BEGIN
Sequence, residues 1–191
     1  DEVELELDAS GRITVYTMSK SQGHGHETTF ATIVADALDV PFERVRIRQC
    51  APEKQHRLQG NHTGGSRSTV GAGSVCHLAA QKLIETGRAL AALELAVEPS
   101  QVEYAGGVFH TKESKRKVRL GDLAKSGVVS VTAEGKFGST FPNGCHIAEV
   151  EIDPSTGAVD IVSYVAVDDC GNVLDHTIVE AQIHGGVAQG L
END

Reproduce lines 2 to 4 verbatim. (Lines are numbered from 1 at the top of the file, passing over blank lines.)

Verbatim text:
     1  DEVELELDAS GRITVYTMSK SQGHGHETTF ATIVADALDV PFERVRIRQC
    51  APEKQHRLQG NHTGGSRSTV GAGSVCHLAA QKLIETGRAL AALELAVEPS
   101  QVEYAGGVFH TKESKRKVRL GDLAKSGVVS VTAEGKFGST FPNGCHIAEV